She touches my calf gently. “Don’t forget…”
I won’t. As I high power jump my morning with grinding my coffee beans and filling the pot, she reminds me, she is hungry….
We left these two, we call “our kids,” to do some Thanksgiving travel. Unforgotten, they were served by the neighbor, but did not become cat-like and ignore us once we arrived back home late Saturday night. Peppa, the white kittycat (yes, they are still kittens until their birthday March 15), snuggled between us, placing her paw protectively on my cheek (have to laugh at that one). Ginger, just HAD to be OUT, so we had to open the bathroom window for just a little while, as this is their exit/entrance routine.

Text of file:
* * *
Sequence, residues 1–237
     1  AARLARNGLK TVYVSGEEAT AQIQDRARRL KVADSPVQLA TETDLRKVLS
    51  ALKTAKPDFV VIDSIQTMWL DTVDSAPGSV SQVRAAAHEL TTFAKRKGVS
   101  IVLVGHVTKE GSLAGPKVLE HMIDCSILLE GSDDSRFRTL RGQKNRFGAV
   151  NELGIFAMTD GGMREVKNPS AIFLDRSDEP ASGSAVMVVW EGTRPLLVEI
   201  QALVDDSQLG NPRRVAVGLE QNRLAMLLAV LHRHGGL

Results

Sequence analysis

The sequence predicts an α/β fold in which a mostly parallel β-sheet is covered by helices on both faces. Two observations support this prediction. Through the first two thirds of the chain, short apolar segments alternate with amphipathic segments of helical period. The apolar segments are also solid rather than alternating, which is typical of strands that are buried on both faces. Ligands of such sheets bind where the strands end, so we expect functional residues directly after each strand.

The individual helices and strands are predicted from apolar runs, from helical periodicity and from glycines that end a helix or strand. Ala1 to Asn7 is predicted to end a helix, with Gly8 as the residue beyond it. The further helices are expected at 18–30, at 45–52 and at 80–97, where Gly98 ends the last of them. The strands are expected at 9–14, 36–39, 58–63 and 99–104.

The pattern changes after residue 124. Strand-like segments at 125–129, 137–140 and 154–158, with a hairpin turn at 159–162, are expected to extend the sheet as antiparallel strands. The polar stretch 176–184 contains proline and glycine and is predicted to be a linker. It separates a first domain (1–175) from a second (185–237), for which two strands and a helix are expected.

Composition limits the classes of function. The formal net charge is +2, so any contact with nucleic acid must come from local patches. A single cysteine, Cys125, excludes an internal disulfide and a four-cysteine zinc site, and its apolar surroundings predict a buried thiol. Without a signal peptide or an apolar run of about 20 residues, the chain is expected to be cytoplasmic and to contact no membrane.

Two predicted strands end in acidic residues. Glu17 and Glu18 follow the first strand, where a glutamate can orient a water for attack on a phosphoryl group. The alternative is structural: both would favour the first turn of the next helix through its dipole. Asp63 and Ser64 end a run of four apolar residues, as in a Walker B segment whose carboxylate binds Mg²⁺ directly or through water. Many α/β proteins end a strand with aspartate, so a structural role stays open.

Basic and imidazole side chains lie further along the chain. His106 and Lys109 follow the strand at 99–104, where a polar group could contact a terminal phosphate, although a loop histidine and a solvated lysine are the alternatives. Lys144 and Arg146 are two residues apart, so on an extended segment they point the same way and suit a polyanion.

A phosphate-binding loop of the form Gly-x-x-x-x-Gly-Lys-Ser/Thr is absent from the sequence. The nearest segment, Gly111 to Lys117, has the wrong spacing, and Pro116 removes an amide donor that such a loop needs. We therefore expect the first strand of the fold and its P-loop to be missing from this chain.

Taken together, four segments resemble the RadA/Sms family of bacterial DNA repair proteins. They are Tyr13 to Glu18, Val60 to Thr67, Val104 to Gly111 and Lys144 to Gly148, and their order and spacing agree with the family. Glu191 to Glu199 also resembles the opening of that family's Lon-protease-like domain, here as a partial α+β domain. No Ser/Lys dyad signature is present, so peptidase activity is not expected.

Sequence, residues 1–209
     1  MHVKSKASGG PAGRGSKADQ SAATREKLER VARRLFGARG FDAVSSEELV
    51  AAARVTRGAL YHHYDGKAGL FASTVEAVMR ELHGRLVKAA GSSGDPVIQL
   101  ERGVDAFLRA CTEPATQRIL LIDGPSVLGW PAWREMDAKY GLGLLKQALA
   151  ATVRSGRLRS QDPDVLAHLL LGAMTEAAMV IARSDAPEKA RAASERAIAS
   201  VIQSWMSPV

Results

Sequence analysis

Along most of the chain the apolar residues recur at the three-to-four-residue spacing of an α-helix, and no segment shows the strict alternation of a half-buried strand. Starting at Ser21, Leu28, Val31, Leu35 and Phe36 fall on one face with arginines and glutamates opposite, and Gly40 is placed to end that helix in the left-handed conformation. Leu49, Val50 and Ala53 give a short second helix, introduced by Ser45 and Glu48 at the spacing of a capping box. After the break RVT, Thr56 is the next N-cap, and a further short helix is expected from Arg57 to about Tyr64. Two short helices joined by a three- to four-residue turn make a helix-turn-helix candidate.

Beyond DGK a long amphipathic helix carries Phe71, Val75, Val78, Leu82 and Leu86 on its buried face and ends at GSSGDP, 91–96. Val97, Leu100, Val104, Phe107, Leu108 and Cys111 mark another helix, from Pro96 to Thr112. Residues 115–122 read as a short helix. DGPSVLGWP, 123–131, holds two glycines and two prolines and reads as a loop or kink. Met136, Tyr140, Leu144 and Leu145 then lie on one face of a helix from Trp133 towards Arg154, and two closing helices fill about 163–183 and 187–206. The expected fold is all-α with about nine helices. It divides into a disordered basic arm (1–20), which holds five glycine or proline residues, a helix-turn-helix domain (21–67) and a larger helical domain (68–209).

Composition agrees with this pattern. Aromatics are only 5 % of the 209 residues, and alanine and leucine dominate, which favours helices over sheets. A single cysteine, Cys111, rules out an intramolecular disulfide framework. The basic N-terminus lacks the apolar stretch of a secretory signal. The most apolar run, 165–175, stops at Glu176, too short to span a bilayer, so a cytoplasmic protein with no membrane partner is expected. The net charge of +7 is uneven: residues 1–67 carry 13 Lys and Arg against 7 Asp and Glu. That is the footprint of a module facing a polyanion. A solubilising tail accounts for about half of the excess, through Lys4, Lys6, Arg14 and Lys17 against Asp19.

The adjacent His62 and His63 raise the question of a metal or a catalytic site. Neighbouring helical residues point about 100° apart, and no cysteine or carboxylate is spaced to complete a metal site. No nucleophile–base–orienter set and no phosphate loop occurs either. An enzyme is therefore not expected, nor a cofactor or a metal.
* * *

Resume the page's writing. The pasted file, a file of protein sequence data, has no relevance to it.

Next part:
Quite honestly, I never thought I’d own another pet. As lovely as they can be, and for the love they bestow upon us, they do come with a monetary obligation. As well they come with an emotional one. My father, who is 87, has had to choose to not have another pet. Last Christmas he had to put his cat down. He sleeps with her picture beneath his pillow and kisses it. We have spoken to him about Peppa, the cat who loves to jump into our arms and hug. She would do him well, but he feels he cannot meet the obligation. She will meet his need for a love connection (and yes, I can do this. I love my cat, but I love my father and am willing to share that love).
I guess, what I am saying, is don’t snub the cat. Don’t snub the dog. They are created and just as useful in their own way, to this world. Even my barn cats have their need for love and compassion, even though they shrink to the idea that I am gentle. (More on them another writing.)